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THE SHORT STORY

CHAPTER I

THE HISTORY OF THE SHORT STORY

Two facts about the short story are very significant: it is probably the oldest literary form, and it was the latest in point of time to receive exact definition of its purpose and scope, and full unfolding of its artistic and dramatic resources. The first fact means that the short story is a vital and not an artificial form of literature, and fits itself instinctively to certain impulses and interests of men; the second fact the fact that the short story had to wait for the insight and skill of men of the genius of Poe, Hawthorne, Stevenson, Kipling, and Maupassant - means that as a literary form the short story ranks with the highest and most exacting forms of art.- Hamilton W. Mabie. Introduc tion to "Stories New and Old."

MONG unlettered people of our own time the prac

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tice of telling and retelling stories of their experiences, stories that they have heard, or stories that they have imagined is a most common form of diversion. This custom of telling brief tales is perhaps as old as oral speech, for man seems to find in fiction, however crude, a means of diversion and entertainment. Men dwelling in caves in the stone age, men gathered around savage camp fires, men sitting at the gates of Damascus or Bagdad" whiled away the time and entertained those

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within earshot with diverting tales-crude pieces of fiction; but the evolution of the Short Story from these earliest pieces of oral fiction to the artistic Short Story of the present day has been a long and slow process reaching its culmination in the tales and stories of Poe and Hawthorne, not more than seventy years agowithin the memory of men now living—and coming to its perfection in those of De Maupassant, Stevenson, and Kipling in the time of the present generation.

Dr. William J. Dawson in his Makers of English Fiction calls fiction a kind of lie told in such a manner as to seem true. With some such idea in mind Professor Charles F. Horne in The Technique of the Novel shows that fiction is literally older than speech, for even the cat, he says, practices a cunning fiction when she strolls away from the half-dead mouse with a disinterested, somewhat bored look, only to turn and spring lightly upon it again as it tries to drag itself away. But for a study of the actual beginnings of prose fiction in speech we must rely upon the records of the earliest tales set down in writing.

The Prose Tale and the Short Story. The men who told the tales around the savage camp fires perhaps had no other aim than to entertain by rehearsing an actual occurrence. They had not even so much skill in arranging their stories, in omitting irrelevant matters, in coloring with imagination, as the loafer around the rusty stove in a village store exhibits today as he offers his worn stock of fiction to his companions for the tenth or sixtieth time. The ordinary tale in prose is very different from the artistic Short Story. Everyone is familiar with the back-fence conversation "cackleiza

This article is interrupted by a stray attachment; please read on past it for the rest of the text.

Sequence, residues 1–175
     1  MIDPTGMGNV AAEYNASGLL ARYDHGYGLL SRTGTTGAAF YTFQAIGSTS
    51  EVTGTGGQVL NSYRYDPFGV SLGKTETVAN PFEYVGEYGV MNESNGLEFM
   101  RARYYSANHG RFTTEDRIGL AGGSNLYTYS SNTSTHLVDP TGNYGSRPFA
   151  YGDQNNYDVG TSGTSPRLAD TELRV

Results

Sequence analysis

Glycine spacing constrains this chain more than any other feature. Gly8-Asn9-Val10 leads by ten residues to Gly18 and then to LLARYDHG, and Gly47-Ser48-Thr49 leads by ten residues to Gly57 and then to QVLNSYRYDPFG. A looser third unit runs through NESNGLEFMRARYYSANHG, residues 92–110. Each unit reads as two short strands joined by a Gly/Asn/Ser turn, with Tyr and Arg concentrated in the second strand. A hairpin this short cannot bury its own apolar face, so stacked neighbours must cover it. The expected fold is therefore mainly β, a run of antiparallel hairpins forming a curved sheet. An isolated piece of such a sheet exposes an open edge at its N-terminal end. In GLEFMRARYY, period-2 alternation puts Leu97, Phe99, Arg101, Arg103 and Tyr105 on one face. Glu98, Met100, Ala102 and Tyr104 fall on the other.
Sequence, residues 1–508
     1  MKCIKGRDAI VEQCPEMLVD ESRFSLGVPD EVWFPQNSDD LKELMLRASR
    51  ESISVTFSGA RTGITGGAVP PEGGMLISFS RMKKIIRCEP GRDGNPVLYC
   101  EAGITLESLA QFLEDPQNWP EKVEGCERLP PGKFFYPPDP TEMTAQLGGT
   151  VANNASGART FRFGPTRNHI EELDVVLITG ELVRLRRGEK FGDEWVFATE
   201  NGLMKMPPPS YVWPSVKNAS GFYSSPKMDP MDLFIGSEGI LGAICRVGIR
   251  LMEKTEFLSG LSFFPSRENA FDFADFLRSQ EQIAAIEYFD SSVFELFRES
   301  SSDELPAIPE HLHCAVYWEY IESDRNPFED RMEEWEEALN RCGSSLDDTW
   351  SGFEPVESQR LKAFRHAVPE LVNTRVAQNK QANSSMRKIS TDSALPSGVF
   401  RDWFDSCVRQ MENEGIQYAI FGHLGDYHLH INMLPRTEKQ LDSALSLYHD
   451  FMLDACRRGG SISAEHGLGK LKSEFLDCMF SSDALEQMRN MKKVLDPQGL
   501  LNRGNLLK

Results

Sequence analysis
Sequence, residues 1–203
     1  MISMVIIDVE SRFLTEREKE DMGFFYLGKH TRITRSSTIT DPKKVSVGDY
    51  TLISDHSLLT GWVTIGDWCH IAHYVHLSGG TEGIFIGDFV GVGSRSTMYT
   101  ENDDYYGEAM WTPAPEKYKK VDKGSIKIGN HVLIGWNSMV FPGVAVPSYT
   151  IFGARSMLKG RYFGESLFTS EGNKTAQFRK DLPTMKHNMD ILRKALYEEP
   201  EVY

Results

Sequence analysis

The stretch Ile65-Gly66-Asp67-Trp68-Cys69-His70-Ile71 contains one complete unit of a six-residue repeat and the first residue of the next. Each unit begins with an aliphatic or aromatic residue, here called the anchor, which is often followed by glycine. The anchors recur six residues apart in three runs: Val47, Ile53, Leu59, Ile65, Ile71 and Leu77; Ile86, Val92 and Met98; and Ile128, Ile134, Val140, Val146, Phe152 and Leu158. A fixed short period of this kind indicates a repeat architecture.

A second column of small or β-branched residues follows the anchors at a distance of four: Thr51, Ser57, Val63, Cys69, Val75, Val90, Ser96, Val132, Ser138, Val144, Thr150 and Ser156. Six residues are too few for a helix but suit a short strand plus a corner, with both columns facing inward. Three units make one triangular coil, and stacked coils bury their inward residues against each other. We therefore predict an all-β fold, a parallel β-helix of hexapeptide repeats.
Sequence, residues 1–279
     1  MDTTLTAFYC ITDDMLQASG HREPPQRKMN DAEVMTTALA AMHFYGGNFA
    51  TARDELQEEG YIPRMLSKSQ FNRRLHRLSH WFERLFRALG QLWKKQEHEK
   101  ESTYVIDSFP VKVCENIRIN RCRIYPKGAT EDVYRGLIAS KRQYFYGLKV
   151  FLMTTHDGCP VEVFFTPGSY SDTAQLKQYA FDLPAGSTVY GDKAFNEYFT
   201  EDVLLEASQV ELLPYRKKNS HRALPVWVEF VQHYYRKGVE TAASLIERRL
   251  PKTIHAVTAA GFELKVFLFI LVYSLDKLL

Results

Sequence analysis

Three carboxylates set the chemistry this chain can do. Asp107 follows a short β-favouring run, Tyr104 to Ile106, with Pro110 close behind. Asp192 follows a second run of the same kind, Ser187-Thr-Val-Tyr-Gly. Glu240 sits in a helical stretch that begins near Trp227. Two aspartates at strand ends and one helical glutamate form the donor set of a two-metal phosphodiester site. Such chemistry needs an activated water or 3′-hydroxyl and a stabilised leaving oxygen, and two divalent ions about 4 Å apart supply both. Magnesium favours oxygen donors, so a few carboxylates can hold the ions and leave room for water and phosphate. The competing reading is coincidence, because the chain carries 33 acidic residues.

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tion," Dr. Stanley Hall calls it which cannot omit irrelevant details, but which must include every circumstance in time-sequence between the beginning and culmination of the delectable gossip. There is a vast difference between such narrations and the real Short Story.

The Tales of the Magicians.- The most ancient record of prose stories is an Egyptian collection of tales contained in the ancient papyri. These stories are called by English scholars The Tales of the Magicians, and are published in two volumes by Professor Petrie. The collection is as old as 2700 B. C., and most scholars believe that its true date is approximately 4000 B. C. The sons of King Cheops (the great pyramid builder) are trying to entertain their father with some interesting stories. When one son has told the king some marvelous tale that he has heard, another steps forward and begins his story of strange things." Perhaps the best known of these tales is one called The Shipwrecked Sailor. A translation of this may be read in Jessup and Canby's The Book of the Short Story., A sailor is shipwrecked upon a mysterious island, all his companions perishing. The island is ruled by a great serpent, and inhabited only by serpents. These treat the unfortunate sailor kindly, and send him home with rich gifts when the next ship passes that way.